Fleur de Lis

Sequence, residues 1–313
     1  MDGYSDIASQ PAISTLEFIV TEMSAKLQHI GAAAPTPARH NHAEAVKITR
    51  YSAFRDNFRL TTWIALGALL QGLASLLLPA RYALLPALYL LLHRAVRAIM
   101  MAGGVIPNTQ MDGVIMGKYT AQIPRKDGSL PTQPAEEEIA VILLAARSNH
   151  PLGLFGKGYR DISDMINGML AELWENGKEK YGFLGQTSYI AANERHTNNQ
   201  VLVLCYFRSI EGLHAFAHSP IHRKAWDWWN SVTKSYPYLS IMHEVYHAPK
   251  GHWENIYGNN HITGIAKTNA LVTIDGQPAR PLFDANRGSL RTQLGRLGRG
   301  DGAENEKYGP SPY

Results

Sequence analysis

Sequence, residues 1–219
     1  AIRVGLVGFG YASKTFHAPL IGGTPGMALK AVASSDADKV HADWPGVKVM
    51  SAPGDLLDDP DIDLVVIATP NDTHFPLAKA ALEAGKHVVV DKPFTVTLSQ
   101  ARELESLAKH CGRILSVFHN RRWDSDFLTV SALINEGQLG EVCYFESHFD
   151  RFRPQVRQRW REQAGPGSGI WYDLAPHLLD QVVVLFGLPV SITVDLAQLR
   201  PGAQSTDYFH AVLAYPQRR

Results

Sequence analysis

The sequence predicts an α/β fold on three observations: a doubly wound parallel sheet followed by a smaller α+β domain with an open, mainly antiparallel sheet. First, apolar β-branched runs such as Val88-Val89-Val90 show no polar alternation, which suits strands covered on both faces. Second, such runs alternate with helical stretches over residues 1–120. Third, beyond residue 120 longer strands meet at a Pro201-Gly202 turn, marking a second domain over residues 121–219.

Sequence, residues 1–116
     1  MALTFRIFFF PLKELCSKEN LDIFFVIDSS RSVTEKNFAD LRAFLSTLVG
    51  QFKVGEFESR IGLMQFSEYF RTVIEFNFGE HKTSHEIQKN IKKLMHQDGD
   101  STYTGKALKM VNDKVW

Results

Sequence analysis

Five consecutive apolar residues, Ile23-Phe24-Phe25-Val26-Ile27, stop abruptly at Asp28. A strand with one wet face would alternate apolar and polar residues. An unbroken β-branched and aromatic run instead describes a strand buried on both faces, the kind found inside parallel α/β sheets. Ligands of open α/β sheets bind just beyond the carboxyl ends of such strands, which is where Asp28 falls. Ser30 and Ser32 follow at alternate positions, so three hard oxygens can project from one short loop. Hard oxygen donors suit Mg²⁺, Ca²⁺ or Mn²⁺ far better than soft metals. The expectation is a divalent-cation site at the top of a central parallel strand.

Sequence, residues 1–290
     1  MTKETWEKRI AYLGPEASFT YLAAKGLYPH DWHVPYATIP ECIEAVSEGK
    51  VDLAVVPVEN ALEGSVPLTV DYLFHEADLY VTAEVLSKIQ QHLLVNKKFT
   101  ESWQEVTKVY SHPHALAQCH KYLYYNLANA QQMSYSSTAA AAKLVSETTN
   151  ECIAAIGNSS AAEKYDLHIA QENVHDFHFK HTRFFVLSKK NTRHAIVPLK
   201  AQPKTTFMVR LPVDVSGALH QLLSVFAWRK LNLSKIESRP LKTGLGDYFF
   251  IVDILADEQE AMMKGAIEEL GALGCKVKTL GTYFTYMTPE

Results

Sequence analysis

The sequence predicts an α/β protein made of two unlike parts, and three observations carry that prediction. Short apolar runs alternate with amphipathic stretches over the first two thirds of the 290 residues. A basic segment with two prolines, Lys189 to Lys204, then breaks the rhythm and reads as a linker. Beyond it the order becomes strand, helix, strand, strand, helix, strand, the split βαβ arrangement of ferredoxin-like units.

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Canadian/Minnesotan country punk rock is about as specific a genre as they come. So specific, in fact, that there seems to be only one exemplar of it -- St Paul's Convoy! Distorted guitars mingle nicely with gentle organs, as Fleur de Lis recalls both the pantheon of album-oriented, classic rock heroes and the vaunted upstarts of indie rock. Sometimes, in his attempts to carve out his niche in the near-impenetrable, monolithic tradition of country music, frontman Noah Slater gets a little lost. However, he does successfully turn an initially shaky cover of Hank Williams' "Lonesome Whistle Blow" into a great punk dirge. While the rock songs on Fleur de Lis are inspiring and do indeed rock, Convoy!'s best moments come with Slater's tearjerker originals, like the wonderful "One City, Two Lives" and the rambling "Walk in the Light," both of which find the frontman confused, restless, and lonely. At its core, Fleur de Lis is a lonesome affair, and the longing present throughout the record is evidenced definitively in the climactic, solitary-man epic "I Fall Alone." Although Slater sometimes forces himself into places where he doesn't seem comfortable ("Memphis"), Convoy! always sound tight; neither their sincerity nor their ability are ever in question.

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